In Ledbetter v. Goodyear Tire & Rubber Co, 550 U.S. 618 (2007), the Supreme Court had ruled in favor of Goodyear because Ledbetter’s discrimination charge against it had been filed more than 180 days after the alleged discriminatory decision had been made made, though within 180 days of the most recent paycheck affected by this decision.
The Ledbetter Fair Pay Act directly changed the law as pronounced by the Supreme Court in Ledbetter v. Goodyear, so that now the statute of limitations for filing an equal-pay charge resets with each new discriminatory paycheck.
The Equal Pay Enforcement Task Force
The wage gap has caught the attention of the Obama administration. In 2009, in an effort to equalize women’s pay, it created the White House Equal Pay Enforcement Task Force, chaired by Vice President Joseph Biden. The Task Force unites the EEOC, Department of Justice, Department of Labor, and Office of Personnel Management.
Current Priorities of the Equal Pay Enforcement Task Task Force
The Equal Pay Enforcement Task Force has identified five factors inhibiting progress towards equal pay.
- Three federal agencies have distinct responsibilities for enforcing laws against pay discrimination and do not consistently coordinate such responsibilities.
- The government’s ability to understand the full scope of the wage gap and to combat wage discrimination can be improved with access to more data from private sector employers, who are not required to report gender-identified wage data to the federal government.
- Both employees and employers are insufficiently educated on their rights and obligations in terms of wage discrimination.
- According to the Government Accountability Office, there is currently an 11 cent pay gap between the sexes employed in the federal government.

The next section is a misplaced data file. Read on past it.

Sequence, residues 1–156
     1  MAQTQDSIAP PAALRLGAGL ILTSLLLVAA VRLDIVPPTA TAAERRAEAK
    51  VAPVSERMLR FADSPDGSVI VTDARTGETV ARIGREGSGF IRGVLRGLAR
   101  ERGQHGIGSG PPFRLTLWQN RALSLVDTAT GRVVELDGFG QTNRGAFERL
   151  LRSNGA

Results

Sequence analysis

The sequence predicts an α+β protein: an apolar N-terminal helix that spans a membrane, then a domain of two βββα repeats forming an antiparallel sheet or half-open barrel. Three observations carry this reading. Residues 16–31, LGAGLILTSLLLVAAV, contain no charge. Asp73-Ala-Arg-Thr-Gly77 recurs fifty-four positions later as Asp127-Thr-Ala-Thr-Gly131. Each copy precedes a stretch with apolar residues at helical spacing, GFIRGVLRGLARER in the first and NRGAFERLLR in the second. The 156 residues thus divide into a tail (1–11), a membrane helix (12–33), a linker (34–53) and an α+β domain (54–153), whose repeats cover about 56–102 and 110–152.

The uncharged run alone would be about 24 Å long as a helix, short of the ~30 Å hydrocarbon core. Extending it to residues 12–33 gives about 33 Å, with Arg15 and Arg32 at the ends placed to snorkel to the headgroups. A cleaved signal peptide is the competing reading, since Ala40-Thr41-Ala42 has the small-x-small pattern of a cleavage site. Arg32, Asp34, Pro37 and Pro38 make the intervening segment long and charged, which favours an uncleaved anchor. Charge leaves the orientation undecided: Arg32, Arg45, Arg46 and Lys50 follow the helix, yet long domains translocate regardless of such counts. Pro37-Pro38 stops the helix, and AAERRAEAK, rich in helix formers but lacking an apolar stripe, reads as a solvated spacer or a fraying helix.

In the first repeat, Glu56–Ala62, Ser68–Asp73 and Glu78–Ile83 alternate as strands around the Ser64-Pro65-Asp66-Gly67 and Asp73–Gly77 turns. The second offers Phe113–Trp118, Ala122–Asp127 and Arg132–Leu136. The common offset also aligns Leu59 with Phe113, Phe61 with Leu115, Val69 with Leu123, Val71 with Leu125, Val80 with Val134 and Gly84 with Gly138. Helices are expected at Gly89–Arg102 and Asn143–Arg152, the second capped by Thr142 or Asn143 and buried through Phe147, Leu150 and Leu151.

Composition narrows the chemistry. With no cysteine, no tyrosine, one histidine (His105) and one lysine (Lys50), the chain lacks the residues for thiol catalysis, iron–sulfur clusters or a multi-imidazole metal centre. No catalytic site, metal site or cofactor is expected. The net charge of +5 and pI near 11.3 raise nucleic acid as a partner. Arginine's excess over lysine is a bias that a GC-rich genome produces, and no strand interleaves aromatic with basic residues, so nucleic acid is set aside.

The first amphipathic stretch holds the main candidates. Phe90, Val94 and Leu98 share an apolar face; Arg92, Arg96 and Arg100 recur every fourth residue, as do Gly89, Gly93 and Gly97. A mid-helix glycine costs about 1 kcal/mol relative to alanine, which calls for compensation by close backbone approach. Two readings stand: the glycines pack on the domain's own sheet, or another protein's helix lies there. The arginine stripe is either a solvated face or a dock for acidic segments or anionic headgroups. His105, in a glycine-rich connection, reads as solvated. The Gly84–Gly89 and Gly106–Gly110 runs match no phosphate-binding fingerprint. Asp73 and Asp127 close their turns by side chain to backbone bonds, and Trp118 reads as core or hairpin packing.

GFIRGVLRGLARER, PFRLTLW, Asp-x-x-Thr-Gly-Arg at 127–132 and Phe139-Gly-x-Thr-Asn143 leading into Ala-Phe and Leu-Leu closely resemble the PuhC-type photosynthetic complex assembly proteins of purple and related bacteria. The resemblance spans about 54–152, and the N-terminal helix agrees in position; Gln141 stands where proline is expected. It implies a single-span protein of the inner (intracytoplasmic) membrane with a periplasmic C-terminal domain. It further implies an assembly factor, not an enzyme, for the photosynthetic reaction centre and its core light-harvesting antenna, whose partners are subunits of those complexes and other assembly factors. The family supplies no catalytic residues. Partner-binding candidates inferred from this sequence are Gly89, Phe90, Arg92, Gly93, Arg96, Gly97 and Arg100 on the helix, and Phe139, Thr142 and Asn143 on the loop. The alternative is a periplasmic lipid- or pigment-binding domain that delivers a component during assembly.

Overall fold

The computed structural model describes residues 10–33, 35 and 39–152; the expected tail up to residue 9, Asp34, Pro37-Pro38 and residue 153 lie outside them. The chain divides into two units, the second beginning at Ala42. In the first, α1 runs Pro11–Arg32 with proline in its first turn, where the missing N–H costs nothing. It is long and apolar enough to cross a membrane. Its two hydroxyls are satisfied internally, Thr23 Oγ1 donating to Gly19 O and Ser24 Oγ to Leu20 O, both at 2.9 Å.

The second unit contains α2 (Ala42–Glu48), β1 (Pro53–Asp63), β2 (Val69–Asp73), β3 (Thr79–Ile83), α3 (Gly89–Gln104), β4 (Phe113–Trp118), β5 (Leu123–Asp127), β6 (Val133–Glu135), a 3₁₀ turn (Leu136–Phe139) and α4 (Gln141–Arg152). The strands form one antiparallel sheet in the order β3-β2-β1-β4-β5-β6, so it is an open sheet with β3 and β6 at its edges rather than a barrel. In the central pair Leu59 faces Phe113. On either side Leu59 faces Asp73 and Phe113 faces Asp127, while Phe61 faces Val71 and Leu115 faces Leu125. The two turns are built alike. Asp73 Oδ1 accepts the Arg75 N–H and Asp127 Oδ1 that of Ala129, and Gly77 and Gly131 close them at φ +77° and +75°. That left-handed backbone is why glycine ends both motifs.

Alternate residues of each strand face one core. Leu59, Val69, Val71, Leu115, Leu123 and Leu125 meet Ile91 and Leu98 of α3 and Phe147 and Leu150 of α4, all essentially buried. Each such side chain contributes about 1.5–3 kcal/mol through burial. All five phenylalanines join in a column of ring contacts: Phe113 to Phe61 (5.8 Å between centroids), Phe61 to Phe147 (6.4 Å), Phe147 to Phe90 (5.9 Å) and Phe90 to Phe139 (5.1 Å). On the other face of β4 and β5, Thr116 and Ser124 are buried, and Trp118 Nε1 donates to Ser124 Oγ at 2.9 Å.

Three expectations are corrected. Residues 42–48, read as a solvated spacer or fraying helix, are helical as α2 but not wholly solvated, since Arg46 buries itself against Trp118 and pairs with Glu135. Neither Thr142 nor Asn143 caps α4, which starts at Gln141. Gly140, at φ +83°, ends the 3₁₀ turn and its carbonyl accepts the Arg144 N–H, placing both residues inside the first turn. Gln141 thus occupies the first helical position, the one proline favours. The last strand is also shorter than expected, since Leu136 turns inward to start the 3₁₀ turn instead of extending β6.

- Existing laws may not provide federal officials with sufficient ability to combat wage discrimination. The Obama Administration believes proposed legislation — the Paycheck Fairness Act — would close such loopholes. This law would:
- allow employees to disclose salary information to co-workers
- require employers to show that wage discrepancies are based on genuine job-related business requirements
- prohibit retaliation against those who raise wage-parity issues
- provide resources to help women develop their negotiating skills
- support research to understand the lingering causes of wage discrepancies between men and women
Task Force Equal Pay Recommendations
Last summer, the Equal Pay Enforcement Task Force collaborated with the White House Middle Class Task Force and the White House Council on Women and Girls to make equal pay recommendations. The recommendations were:
- The EEOC, Department of Labor, and Department of Justice will work together to enforce wage discrimination laws as well as increase both outreach and education on wage discrimination.
- The EEOC will evaluate its wage data collection needs and capabilities, and will coordinate with the Office of Federal Contract Compliance Programs (OFCCP) to minimize reporting burdens on employers.
- The EEOC will also work with the Office of Personnel Management to ensure that the federal government eliminates wage disparities where both sexes are employed by the federal government to do identical work.
Aggregate statistics on pay disparities between men and women still show a significant pay gap. While much of this gap may be explainable by factors other than discrimination, it is still an issue that warrants research and monitoring.
Even if discrimination is a relatively small factor, it is unlawful when it occurs, so government efforts to improve mechanisms for enforcement of equal pay laws are important.
Finally, some of the nondiscriminatory explanations, such as women’s career choices, or their weaker negotiating skills, may nonetheless be a legitimate subject of concern. There may be, for example, valid reasons aside from reducing pay disparities to encourage more women to sharpen negotiating skills and to pursue scientific and technical careers.
- Employment of Women: Survey of Current Issues & Federal Initiatives — Introduction
- Employment of Women: Survey of Issues & Initiatives — Equal Pay
- Employment of Women: Survey of Issues & Initiatives — Workplace Flexibility
- Employment of Women: Survey of Issues & Initiatives — Higher-Paying Nontraditional & Green Jobs for Women